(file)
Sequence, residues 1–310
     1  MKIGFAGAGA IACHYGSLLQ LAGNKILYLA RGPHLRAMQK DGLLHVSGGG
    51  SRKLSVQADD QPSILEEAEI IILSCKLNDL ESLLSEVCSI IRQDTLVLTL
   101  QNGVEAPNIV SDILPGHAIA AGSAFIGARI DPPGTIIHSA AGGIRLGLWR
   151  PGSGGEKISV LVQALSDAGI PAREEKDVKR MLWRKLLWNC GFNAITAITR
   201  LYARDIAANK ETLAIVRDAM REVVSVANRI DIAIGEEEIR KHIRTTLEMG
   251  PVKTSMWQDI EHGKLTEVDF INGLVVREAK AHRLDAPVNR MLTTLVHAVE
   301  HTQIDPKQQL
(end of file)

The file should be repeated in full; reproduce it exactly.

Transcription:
Sequence, residues 1–310
     1  MKIGFAGAGA IACHYGSLLQ LAGNKILYLA RGPHLRAMQK DGLLHVSGGG
    51  SRKLSVQADD QPSILEEAEI IILSCKLNDL ESLLSEVCSI IRQDTLVLTL
   101  QNGVEAPNIV SDILPGHAIA AGSAFIGARI DPPGTIIHSA AGGIRLGLWR
   151  PGSGGEKISV LVQALSDAGI PAREEKDVKR MLWRKLLWNC GFNAITAITR
   201  LYARDIAANK ETLAIVRDAM REVVSVANRI DIAIGEEEIR KHIRTTLEMG
   251  PVKTSMWQDI EHGKLTEVDF INGLVVREAK AHRLDAPVNR MLTTLVHAVE
   301  HTQIDPKQQL